9. 9. Asymmetry between aetiology and prediction in NCDs Aetiology Biopathogenesis of CDs Biological causes and mechanisms Behaviour does contribute to risk in NCDs Aetiology: bio-psycho-social pathogenesis Prediction Public health interventions T1AT2 model has been largely successful Intervention models did not shift to a bio-psycho-social approach Or, if if it did, it happened very late 9
  11. 11. Sociology. And health. Sociology attempts to explain and predict human behaviour Societies manifest observable patterns of change Humans are thinking acting beings Their thought and action take place within the constraints imposed by social structures What links behaviour and health? 11
  12. 12. Social causes are proximal The proximal – distal distinction Biological causes are proximal, social causes are distal Distal causes do not exert direct influence on health Hence, social causes are at best ‘classificatory devices’, but not active causes in disease aetiology Against the proximal – distal distinction 12
  13. 13. The ‘lifeworld’ Relationships with significant others, neighbours, friends Local services, shops Communities and workplaces The immediate physical and microbiological environments Mediates exposure to toxins, hazards, pathogens, etc Drives health states of individuals and populations Is the product of the interaction between human agency and social structure 13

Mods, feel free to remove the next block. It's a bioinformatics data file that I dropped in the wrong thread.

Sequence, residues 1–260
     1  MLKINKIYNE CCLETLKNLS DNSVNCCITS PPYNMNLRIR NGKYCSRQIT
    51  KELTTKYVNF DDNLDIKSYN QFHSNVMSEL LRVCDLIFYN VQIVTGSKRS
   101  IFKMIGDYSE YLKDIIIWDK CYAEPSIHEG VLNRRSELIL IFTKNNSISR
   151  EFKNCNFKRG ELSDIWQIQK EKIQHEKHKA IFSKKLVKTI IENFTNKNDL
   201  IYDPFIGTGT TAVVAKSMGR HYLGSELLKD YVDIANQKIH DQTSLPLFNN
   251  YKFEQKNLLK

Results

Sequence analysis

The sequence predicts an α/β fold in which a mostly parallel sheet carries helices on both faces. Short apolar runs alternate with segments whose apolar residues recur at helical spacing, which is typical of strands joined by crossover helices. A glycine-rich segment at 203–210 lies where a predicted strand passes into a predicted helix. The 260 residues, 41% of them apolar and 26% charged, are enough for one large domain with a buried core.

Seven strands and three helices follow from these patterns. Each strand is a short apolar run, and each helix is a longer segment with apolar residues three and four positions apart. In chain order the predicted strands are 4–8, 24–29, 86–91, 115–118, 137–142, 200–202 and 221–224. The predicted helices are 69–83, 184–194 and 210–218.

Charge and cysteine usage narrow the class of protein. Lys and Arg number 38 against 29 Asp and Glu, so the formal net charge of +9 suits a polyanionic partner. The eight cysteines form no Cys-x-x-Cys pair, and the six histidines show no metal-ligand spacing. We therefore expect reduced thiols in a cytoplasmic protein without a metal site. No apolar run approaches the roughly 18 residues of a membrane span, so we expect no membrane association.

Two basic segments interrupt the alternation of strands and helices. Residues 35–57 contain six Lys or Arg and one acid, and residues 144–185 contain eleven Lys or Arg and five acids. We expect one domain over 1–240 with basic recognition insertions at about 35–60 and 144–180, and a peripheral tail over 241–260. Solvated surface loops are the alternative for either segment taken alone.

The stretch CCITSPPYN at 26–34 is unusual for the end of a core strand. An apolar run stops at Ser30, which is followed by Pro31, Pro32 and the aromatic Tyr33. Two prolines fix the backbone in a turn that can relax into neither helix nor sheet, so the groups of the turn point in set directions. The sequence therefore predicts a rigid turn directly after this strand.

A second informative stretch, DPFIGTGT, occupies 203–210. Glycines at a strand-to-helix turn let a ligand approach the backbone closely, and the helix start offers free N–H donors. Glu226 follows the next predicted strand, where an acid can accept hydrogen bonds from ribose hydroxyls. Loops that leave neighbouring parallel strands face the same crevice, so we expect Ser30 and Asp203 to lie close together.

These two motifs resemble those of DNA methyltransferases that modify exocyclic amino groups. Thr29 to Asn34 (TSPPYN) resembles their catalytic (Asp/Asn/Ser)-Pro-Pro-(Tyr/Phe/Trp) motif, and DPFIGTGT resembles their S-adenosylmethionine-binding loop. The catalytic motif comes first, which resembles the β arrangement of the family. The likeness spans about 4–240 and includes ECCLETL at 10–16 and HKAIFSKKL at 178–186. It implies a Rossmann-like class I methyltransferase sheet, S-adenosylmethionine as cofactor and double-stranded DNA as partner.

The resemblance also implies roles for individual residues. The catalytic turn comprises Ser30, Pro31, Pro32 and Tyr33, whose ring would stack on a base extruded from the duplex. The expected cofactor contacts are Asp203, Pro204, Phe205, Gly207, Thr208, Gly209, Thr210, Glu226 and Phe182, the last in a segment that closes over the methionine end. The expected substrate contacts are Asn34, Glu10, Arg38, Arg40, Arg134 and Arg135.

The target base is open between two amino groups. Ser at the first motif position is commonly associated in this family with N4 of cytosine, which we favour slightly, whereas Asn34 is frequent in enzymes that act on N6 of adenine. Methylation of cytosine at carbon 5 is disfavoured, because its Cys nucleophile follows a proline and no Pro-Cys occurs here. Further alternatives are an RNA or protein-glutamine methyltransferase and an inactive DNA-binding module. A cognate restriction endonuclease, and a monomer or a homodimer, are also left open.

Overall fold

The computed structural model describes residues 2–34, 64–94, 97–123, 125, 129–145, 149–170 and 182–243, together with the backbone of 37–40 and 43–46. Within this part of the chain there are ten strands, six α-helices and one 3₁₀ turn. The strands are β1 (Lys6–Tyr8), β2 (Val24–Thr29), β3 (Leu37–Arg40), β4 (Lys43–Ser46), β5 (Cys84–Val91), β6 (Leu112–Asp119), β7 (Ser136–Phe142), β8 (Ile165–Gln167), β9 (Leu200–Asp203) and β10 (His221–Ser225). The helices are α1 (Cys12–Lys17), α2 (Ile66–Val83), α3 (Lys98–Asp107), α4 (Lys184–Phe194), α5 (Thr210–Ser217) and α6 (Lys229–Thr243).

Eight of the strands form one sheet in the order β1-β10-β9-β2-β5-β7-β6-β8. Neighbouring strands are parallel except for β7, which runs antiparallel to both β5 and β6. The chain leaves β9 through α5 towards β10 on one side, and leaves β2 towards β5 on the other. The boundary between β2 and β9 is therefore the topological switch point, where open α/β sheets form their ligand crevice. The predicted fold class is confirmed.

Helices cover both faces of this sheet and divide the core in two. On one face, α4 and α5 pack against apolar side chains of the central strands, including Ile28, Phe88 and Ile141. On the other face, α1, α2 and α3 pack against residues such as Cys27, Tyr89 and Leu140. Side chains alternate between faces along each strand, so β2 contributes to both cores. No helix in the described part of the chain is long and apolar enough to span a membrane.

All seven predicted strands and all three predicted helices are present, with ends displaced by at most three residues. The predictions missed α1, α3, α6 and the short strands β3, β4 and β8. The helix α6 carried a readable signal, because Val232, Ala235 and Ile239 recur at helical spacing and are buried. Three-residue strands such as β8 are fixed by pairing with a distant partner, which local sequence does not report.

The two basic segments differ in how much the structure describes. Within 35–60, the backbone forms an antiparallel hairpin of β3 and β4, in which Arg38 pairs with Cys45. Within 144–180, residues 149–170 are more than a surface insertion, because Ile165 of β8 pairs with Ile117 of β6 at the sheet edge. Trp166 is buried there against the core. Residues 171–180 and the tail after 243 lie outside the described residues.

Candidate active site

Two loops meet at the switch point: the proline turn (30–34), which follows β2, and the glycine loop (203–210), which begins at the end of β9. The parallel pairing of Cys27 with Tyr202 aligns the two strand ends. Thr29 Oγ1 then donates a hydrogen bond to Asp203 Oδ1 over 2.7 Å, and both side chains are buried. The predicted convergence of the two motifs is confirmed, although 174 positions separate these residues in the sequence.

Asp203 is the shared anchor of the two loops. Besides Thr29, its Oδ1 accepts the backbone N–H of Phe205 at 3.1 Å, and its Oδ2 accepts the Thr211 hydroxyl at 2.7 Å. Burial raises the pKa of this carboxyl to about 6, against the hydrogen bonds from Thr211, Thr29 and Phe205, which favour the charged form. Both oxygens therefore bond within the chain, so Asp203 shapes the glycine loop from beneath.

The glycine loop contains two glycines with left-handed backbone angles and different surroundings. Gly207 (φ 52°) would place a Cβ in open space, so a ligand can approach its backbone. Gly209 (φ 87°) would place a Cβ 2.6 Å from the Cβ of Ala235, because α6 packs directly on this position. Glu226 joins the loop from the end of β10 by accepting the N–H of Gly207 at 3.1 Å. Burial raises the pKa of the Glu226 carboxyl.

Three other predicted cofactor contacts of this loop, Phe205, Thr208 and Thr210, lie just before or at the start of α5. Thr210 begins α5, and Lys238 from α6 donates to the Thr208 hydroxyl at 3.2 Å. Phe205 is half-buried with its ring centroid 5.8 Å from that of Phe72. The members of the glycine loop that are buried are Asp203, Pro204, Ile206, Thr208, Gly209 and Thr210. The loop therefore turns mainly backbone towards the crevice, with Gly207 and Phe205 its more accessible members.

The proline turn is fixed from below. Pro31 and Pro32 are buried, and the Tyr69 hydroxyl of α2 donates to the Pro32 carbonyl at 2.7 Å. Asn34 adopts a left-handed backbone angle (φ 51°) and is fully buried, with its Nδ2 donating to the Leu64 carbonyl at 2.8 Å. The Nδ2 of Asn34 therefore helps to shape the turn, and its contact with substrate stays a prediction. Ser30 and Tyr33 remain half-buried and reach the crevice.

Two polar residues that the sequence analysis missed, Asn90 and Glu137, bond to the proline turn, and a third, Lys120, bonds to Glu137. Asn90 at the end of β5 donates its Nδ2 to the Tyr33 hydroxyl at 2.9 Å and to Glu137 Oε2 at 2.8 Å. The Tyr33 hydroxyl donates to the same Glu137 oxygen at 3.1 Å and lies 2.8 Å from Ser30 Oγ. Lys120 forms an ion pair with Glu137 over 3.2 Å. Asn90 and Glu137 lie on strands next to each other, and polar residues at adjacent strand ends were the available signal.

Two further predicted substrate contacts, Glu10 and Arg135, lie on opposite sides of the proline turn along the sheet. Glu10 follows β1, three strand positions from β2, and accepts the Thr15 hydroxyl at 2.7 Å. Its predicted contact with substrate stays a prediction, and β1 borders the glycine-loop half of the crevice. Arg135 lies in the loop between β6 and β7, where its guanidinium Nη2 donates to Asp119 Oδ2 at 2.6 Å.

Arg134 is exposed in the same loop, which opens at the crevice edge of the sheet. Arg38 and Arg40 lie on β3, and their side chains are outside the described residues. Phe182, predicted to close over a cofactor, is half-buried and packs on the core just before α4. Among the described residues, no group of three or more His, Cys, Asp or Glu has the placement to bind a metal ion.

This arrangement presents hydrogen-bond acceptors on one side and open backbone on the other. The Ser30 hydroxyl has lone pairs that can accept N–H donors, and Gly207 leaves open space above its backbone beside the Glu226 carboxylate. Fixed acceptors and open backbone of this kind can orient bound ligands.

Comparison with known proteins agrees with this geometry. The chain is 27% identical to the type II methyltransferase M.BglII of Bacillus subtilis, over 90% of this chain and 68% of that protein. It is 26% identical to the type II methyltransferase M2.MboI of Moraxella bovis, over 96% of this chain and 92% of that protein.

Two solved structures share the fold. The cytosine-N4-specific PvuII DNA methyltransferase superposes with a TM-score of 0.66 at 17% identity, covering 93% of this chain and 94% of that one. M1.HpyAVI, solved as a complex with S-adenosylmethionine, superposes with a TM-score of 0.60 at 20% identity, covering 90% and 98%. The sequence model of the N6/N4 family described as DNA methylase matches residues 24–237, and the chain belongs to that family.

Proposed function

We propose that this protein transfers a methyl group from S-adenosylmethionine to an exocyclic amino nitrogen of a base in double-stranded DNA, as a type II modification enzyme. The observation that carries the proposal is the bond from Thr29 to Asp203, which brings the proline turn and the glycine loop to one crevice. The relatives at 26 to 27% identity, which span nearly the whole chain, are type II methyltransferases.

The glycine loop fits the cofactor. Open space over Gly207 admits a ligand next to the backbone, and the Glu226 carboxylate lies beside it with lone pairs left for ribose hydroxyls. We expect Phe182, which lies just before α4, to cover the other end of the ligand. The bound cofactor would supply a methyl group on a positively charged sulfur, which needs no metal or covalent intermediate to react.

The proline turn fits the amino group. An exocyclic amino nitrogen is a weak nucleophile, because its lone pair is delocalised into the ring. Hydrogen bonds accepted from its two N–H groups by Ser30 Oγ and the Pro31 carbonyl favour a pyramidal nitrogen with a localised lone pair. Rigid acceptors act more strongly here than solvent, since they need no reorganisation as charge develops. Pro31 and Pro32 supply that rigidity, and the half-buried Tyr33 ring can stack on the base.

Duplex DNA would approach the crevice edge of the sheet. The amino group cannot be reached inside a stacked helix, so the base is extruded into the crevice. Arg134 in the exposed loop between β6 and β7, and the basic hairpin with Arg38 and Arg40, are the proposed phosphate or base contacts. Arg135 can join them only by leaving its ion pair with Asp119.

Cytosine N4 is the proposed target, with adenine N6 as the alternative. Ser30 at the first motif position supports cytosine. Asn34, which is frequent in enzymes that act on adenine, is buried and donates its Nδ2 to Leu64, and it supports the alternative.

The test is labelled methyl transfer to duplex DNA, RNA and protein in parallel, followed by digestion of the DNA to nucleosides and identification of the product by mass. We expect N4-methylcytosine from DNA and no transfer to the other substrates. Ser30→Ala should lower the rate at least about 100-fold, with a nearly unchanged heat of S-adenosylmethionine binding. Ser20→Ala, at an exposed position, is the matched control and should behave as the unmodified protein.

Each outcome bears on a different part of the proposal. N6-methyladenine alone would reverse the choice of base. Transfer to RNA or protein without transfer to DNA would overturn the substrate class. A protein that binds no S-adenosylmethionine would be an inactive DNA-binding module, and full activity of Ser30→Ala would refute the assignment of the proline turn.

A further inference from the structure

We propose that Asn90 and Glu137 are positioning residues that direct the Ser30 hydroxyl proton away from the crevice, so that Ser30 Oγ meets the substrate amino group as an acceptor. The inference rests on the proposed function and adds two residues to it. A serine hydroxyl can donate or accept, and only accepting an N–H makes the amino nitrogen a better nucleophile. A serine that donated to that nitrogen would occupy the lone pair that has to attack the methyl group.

14. 14. An integrated pathogenic approach The ‘social’ and the ‘biological’ are integrated in the aetiology Behavioural factors are active parts of disease mechanisms An integrated pathogenic approach leads us to rethink models of intervention 14
  16. 16. Communicable diseases Causal model of disease Predictive Model of intervention Recovery / improved health status Biological mechanisms Treatment / public health intervention Exposure to pathogens Biological mechanisms Disease Cause-effect Means-end 16
  17. 17. Non-Communicable diseases Causal model of disease Predictive model of intervention Recovery / improved health status Biological mechanisms Public health intervention Life world Bio-psycho- social mechanisms Disease Multiple bio- psycho- social paths 17 Multipl e means- end relation s